Saskatoon

Judge finds Kellie Johnson not criminally responsible for killing son, 5

A Saskatoon judge has found Kellie Johnson not criminally responsible for stabbing her five-year-old son to death in 2014.

WARNING: This story contains graphic details

Kellie Johnson arrives at court this spring during her first-degree murder trial. (CBC)

A Saskatoon judge has found Kellie Johnson not criminally responsible for killing her five-year-old son in 2014.

Johnson, 38, was charged with the first-degree murder of Jonathan Vetter, who was stabbed to death in his sleep at her home. Johnson pleaded not guilty.

On Tuesday, Court of Queen's Bench Judge Neil Gabrielson told the court Johnson suffered from schizophrenia and she was hallucinating when she slashed the boy's throat. Johnson stared blankly while the judge gave his decision.

Johnson's lawyer, Leslie Sullivan, does not dispute that Johnson stabbed her son. At issue was whether she was criminally responsible for his death.

During her trial earlier this year, court heard Johnson believed she was saving the boy from an evil entity known as "the woman." The imaginary figure was, in Johnson's mind, torturing her son and training him to become a sex offender.

Gabrielson said he found Johnson could not understand that her actions were morally wrong and "she was trying to save her son from eternal damnation."​

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Facts of the case

On Jan. 4, 2014, police were called to a home on Avenue R S., in Saskatoon, at about 5:30 a.m. CT. Vetter's grandfather reported his grandson was lying on his bedroom floor with blood pouring from his throat.

Vetter was pronounced dead at the scene by first responders. An autopsy showed the boy died from blood loss due to a multiple stab wounds to his neck. The coroner also found stab wounds on Vetter's right shoulder and his upper chest which appear to have been made at the same time as the neck wounds.

A large eight-inch knife, covered in blood, was located in the boy's room. During Johnson's trial, court heard she had purchased the knife two weeks before the stabbing and hid it in a crawl space.

Hospital security footage

When police arrived, Johnson wasn't home. Video surveillance from St. Paul's Hospital, about three blocks from her home, showed Johnson entering through the emergency room doors at 5:35 a.m.

Security camera footage shows Johnson walking in wearing light-coloured jeans. She's seen going into the bathroom near the emergency room. At 5:37 a.m., she left the bathroom wearing dark-coloured pants. She asked a security guard if she could use the phone, he said no, and Johnson left the hospital shortly after in a taxi. Police later recovered Johnson's blood-stained jeans from the bathroom garbage.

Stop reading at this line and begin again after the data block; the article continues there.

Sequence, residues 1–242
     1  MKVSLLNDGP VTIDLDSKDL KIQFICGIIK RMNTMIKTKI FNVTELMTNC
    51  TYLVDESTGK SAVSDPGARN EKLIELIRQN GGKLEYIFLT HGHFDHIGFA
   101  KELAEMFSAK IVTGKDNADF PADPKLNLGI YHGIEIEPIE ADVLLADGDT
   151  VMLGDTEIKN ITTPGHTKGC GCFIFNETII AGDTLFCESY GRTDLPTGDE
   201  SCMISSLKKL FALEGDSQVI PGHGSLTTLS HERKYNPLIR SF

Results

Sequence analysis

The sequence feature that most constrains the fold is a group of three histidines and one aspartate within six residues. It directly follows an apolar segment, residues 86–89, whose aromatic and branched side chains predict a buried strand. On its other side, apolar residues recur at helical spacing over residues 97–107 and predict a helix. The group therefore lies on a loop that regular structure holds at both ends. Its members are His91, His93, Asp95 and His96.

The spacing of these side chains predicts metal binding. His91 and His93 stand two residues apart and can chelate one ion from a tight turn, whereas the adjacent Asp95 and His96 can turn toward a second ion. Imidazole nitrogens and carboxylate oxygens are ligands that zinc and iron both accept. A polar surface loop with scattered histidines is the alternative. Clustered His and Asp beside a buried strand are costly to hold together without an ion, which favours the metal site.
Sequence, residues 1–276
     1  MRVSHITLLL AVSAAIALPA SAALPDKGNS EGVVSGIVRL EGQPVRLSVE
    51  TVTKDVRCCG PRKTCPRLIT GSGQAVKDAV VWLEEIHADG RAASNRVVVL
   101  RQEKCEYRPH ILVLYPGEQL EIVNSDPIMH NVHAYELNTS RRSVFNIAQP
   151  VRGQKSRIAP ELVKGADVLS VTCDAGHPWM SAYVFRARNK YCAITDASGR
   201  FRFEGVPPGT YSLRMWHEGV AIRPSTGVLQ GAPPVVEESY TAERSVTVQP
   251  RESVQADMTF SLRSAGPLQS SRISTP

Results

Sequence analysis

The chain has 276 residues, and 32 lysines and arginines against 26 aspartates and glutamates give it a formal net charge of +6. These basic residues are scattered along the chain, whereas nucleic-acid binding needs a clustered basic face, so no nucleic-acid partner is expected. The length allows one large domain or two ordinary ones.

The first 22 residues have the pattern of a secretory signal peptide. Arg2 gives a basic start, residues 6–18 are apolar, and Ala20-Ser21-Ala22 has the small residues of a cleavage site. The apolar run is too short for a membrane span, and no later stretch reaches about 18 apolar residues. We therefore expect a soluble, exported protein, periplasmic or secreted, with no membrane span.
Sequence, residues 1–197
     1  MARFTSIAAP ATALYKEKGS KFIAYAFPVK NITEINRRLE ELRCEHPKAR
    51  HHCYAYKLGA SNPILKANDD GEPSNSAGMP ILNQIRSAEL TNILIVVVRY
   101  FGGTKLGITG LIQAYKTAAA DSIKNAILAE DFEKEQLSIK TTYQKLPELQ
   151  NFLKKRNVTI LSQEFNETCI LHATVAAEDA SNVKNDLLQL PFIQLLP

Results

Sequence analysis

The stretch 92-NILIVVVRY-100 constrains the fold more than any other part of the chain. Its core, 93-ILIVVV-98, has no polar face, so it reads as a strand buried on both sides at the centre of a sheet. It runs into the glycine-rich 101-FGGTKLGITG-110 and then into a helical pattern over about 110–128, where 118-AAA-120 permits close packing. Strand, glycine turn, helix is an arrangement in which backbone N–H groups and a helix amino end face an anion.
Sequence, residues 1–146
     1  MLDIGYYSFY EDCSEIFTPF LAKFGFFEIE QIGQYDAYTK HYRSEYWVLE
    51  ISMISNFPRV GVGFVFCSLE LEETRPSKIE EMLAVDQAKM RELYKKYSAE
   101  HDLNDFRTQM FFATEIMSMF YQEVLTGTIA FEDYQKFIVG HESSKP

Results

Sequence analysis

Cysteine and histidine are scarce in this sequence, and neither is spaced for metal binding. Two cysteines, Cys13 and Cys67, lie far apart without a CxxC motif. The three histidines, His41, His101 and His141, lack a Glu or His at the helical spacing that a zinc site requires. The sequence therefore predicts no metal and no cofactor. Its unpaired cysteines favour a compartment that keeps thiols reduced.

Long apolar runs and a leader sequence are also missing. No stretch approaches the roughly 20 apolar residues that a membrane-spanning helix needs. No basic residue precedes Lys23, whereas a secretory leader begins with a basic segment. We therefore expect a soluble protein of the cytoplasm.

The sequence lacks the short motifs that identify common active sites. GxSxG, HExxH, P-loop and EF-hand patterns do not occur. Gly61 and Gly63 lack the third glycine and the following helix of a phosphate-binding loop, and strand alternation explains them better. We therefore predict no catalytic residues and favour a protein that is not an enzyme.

From there, court documents show, Johnson took a cab to the McDonald's on Eighth Street and Louise Avenue. She ordered food and sat down to eat. She left at around 6:20 a.m.

Johnson then took a cab to Royal University Hospital. The cab driver said there was no conversation and nothing remarkable about her demeanour.

At 6:40 a.m., Johnson walked up to the triage desk at RUH and told a nurse she was hallucinating and that she may have hurt her son very badly. The nurse asked Johnson what she might have done, and Johnson said she may have hurt Jonathan with a knife and that she was trying to save her child from hell.

Thirteen minutes later, police arrived at RUH and placed Johnson under arrest. The arresting officer described Johnson's demeanour as calm, she appeared emotionless and she did not appear nervous.

Johnson was charged with first-degree murder. She was remanded to the Saskatchewan Hospital Forensic Services in Battleford, Sask.

Murder trial

Johnson's murder trial began in February. Court heard from forensic psychiatrist Dr. Mansfield Mela, who met the accused in 2014 to assess her mindset at the time of the stabbing.

Mela told court that Johnson she'd been suffering from paranoid schizophrenia. Mela said Johnson went off her medication and had an elaborate hallucination 24 hours prior to killing her son. He said Johnson told him she wanted to "lovingly preserve her son from going to hell."

Mela testified that Johnson said she knew her actions would hurt her son but still believed she was doing the right thing.

Voices in her head

The trial also learned about Johnson's past, in and out of psychiatric hospitals over the past decade. Records show Johnson first displayed signs of mental illness in 2006, when she believed, without basis, that her boyfriend was abusing her older son. In 2006, Johnson first mentions the woman in her mind that gives her orders.

Johnson was later diagnosed with obsessive-compulsive disorder, adjustment disorder and paranoid schizophrenia.

Johnson also reported being visited by dead family members, who, at one point, convince her not to wear shoes for months and to walk in the middle of the street to satisfy Jesus. The court heard the medication Johnson took weakened the belief in the voices she heard but did not remove them.

With files from Devin Heroux

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